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Library Services for International Learners at UHN: Search Results

This guide will provide information on resources of relevance to international learners and provide an overview of evidence-based search techniques

Before you start looking at the citations...

Ask yourself if the number of citations are managable for you considering what you need them for and how soon the project in question needs to be completed.


Bringing your search to your Information Specialist - we can help you get better results!

Eliminating some of your keywords or subject headings

Figure out which ones are bringing in the most useful and the least useful results, and get rid of the least useful ones.

Adding another concept. 

Maybe [depressive disorder] AND [drug therapy] is too big (over 5,000 in MEDLINE). 

If you go back to your PICO and look at the columns you didn't search from - outcomes, for instance - you may get better/smaller results. 

In this case searching [depressive disorder] AND [drug therapy] AND [Sleep Initiation and Maintenance Disorders] could narrow your search to some side effects you are interested in, and brings the results down to under 100 articles.

Adding or tightening filters. 

Think about the question you are trying to answer. 

  • Does it make sense to only look at things published in the last 5 years?  10? 
  • Age groups can be a great way to cut out irrelevant material. 
  • You can add a Clinical Queries or EBM filter - in this case one of the Therapy ones. If you already had one on, you can tighten it up, for instance by switching to the "maximizes specificity" version instead of the "best balance" version.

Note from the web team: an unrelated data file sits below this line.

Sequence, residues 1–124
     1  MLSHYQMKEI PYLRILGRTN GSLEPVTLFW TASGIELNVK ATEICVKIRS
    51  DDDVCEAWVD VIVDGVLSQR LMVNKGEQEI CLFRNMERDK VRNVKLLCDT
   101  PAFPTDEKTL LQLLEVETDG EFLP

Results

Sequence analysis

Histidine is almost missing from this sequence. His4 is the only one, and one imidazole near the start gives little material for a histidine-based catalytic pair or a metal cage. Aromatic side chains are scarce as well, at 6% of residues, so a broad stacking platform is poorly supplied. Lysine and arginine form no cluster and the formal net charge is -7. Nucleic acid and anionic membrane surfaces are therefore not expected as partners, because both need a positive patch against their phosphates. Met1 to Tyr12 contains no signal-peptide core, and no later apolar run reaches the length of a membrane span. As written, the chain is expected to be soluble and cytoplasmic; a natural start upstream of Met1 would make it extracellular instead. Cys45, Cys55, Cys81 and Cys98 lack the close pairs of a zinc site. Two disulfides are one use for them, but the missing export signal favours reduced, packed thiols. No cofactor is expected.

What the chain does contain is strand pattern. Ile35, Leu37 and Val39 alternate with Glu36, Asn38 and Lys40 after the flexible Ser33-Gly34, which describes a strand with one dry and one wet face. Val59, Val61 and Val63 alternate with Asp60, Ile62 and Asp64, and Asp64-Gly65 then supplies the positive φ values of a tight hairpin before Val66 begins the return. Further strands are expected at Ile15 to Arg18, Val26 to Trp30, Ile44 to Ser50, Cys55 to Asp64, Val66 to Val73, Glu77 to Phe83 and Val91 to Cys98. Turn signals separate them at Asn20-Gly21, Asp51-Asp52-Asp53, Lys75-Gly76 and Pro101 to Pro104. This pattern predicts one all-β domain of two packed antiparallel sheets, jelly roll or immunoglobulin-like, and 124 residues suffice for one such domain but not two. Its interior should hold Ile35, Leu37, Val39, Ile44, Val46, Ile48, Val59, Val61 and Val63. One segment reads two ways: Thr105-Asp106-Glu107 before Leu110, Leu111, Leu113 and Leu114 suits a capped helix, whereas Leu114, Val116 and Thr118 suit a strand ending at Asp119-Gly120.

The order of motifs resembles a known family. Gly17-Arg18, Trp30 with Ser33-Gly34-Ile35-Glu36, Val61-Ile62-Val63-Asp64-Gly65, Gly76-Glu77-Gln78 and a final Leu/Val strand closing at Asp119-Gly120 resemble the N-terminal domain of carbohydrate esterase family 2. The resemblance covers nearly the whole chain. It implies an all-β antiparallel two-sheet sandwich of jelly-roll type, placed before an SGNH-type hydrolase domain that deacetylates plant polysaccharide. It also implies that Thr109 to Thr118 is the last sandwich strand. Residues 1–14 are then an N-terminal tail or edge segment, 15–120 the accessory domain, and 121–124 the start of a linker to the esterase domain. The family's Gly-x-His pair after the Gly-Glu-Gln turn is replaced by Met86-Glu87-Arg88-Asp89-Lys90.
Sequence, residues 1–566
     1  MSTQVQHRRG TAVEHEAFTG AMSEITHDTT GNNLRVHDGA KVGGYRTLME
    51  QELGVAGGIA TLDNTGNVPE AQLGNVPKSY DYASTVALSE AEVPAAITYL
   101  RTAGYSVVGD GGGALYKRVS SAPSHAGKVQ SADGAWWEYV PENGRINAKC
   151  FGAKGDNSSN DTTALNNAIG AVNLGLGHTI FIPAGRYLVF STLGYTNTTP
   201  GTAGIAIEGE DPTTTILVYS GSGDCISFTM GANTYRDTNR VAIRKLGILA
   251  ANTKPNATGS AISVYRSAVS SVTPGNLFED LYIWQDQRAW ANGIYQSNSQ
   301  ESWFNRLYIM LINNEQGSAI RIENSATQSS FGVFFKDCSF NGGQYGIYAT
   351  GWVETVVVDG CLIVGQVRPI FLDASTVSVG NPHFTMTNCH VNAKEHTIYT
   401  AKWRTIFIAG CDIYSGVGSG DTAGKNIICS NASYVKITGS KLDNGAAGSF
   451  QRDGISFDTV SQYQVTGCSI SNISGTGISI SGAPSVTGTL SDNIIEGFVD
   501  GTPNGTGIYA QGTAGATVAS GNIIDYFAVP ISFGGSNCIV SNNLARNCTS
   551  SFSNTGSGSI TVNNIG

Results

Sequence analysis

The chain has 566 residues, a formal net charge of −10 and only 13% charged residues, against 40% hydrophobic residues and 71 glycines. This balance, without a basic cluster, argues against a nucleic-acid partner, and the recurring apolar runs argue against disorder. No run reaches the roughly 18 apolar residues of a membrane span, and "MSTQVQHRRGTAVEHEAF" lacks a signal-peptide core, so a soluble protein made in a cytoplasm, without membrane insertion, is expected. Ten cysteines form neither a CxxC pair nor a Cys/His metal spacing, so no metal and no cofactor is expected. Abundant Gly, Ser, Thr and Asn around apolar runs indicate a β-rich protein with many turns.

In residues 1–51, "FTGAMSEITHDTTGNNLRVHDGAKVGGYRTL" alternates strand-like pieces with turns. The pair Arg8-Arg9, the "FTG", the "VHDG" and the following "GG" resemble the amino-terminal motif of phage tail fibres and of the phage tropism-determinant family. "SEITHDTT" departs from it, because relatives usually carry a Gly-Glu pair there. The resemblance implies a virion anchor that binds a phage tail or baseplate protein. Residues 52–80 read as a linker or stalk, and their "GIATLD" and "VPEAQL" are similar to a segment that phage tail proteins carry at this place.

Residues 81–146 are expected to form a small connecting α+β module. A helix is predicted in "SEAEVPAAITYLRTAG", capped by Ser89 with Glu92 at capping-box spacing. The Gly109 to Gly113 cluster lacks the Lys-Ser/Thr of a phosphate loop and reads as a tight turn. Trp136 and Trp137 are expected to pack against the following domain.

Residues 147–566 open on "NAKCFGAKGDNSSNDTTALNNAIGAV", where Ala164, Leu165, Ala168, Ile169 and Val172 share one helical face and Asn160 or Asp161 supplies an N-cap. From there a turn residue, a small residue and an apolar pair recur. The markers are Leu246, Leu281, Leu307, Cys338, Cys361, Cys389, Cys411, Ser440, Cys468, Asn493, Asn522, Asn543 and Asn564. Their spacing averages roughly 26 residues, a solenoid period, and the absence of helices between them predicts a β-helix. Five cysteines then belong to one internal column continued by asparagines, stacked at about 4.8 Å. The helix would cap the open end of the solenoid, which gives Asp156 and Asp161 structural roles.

• If you are especially interested in one or two types of papers, you can add a publication type filter. 

In the example we're using, adding a "therapy, best balance" filter and limiting to 5 years gets us down to under 20 results.


Once your search results are managable, your first step is to scan the citations for relevance 

Read the titles - do they address your PICO or research question? If no, discard.  If you're not sure, set it aside. 

Once you've gone through the titles, read the introductions and conclusions of the abstracts for the citations you haven't discarded.  Do they address your PICO or research question?  If no, discard.

Be careful not to get caught in "scope creep" - try not to put a citation in the yes or maybe category just because it is about something similar, related or interesting.  It needs to address the question you are asking.

If, at the end of this, every citation is marked NO, consider:

  • expanding your search - maybe some of the limits cut out articles you could have used.  This may mean going through more citations.
  • changing the terms you used - maybe there is a better, more specific subject heading and/or synonym for you to use
  • switching databases.  Maybe MEDLINE doesn't have anything on your topic but PsycINFO or EMBASE does
  • finding a key (a useful paper, guideline, review, researcher name, textbook, etc. that you already know exists) and using the citations, authors, terms, etc. that you find through them to search


Once you have decided that an article is relevent, you need to decide whether it is valid.  The books and links below will help you evaluate the methods the researchers used, and the conclusions that they came to: